The cars, which will be revealed at the Geneva motor show, will continue to be built at the brand's Burnaston factory in Derbyshire, following investment of £240 million in the facility last year. This investment prepared the plant with the Auris's transition to Toyota's TNGA (Toyota New Global Architecture) platform.
The car will be offered with a choice of petrol-hybrid motors: the 1.8-litre, 121bhp currently used in the Prius and C-HR, and a new 2.0-litre version that produces 178bhp. It will also be offered with a 1.2-litre, 114bhp four-cylinder turbo petrol.
Toyota Europe boss Johan van Zyl announced the news about the car being produced at Burnaston at a visit to the plant, but stressed the importance of Brexit negotiations at the event: "With around 85 per cent of our UK vehicle production exported to European markets, continued free and frictionless trade between the UK and Europe will be vital for future success."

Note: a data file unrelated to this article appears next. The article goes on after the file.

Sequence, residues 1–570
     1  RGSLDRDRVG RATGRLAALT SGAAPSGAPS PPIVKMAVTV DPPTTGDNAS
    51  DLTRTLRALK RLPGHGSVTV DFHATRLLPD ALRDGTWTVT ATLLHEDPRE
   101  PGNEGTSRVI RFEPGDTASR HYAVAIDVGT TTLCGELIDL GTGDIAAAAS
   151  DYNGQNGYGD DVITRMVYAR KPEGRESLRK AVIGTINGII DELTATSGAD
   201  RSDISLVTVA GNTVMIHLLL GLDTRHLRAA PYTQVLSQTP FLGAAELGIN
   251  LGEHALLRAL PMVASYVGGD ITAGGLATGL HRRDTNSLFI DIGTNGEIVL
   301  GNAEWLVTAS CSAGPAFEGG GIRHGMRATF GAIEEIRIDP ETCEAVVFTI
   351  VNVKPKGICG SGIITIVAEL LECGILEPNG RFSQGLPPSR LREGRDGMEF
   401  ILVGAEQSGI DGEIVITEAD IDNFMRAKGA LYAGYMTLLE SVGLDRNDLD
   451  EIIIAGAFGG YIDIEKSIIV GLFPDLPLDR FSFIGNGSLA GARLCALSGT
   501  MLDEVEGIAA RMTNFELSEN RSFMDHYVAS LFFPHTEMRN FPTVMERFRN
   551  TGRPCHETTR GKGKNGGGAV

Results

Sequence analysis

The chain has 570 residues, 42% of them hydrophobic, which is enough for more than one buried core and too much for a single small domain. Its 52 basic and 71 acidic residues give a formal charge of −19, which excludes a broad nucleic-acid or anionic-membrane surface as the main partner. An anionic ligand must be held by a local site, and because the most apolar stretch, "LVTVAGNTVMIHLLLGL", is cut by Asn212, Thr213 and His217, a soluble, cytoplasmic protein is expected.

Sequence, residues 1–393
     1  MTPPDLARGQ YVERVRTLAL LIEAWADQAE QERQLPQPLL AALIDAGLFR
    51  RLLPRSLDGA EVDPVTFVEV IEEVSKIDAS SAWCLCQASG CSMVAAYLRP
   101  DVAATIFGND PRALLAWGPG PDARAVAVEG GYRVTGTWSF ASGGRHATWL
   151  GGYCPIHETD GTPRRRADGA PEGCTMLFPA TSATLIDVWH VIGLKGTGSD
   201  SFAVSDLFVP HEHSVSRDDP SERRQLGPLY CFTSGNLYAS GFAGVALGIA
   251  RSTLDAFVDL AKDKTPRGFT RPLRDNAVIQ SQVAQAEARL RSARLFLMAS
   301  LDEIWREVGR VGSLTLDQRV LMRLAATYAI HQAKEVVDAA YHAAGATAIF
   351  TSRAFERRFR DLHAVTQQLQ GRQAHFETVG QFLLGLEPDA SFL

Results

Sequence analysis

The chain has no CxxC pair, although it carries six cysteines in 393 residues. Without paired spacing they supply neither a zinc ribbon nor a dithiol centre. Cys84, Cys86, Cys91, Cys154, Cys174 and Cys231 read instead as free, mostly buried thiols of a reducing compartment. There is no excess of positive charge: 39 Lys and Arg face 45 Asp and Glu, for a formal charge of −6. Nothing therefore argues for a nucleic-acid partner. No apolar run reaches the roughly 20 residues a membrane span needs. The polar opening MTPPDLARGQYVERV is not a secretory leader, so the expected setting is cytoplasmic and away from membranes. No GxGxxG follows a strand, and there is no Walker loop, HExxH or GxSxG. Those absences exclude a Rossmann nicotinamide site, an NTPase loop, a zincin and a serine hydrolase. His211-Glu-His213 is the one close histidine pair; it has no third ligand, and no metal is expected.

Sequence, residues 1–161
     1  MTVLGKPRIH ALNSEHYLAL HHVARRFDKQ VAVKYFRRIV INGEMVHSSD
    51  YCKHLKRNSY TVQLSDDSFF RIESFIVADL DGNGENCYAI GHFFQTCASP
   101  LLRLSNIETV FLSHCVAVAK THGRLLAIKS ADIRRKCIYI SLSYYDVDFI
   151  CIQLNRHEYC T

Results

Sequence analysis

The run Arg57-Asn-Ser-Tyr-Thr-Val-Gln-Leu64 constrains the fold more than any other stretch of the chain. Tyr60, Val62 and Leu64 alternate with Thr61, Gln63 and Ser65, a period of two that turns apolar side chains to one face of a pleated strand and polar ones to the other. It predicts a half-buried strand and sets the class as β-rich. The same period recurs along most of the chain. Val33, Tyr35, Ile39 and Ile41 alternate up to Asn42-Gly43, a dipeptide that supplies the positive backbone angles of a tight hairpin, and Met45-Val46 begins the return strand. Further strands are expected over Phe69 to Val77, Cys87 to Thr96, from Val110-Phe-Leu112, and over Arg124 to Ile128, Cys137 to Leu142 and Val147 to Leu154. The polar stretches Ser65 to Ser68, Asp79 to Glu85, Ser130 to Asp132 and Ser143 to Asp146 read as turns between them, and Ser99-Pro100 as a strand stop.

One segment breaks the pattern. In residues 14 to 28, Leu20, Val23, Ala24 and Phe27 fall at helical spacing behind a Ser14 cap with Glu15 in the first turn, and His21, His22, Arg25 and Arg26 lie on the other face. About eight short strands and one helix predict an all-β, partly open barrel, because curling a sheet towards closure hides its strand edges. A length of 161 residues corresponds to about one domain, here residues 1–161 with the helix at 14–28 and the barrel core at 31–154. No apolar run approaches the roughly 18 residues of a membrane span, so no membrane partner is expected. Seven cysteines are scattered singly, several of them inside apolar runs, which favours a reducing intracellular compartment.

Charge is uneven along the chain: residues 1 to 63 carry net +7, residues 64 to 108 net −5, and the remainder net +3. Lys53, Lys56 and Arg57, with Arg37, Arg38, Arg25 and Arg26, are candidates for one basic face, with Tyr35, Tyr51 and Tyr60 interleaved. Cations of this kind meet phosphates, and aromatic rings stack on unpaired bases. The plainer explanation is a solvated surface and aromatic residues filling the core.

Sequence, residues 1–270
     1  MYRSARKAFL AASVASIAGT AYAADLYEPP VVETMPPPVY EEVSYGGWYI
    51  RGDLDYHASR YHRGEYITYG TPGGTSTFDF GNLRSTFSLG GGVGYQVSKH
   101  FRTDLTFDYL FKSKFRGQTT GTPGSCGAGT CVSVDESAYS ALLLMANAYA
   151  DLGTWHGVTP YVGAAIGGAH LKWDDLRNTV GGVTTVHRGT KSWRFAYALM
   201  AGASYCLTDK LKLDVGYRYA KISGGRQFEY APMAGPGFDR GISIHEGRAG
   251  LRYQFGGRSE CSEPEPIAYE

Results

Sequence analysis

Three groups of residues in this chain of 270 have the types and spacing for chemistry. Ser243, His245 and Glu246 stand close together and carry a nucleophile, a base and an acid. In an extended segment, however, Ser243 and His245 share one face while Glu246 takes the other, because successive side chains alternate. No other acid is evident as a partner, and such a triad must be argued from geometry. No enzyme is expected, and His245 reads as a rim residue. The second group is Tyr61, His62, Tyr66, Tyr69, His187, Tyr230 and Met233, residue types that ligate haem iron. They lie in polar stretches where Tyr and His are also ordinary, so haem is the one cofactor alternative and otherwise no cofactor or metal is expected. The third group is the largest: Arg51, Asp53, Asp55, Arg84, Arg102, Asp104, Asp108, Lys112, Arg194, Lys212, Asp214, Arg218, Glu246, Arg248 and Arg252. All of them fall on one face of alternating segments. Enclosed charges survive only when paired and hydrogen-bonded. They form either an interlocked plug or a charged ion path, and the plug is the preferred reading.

A source told Autocar that the Auris, which has been built at the Burnaston plant since its introduction, would be tasked with turning around the declining sales of the car, which occupies a key market for the brand. Toyota delivered 13,983 Auris in the first 11 months of 2017, compared with 16,528 in 2016.
Another development is the re-introduction of the Corolla name to the UK, which would indirectly replace the soon to be discontinued Avensis as an Auris-based saloon. Although the Corolla has been absent from Britain for 11 years, cars bearing its name have remained on sale in other global markets since it was first introduced in 1966.
The new UK model will arrive as the current international Corolla, which has been on sale since 2013, is replaced with a family of models.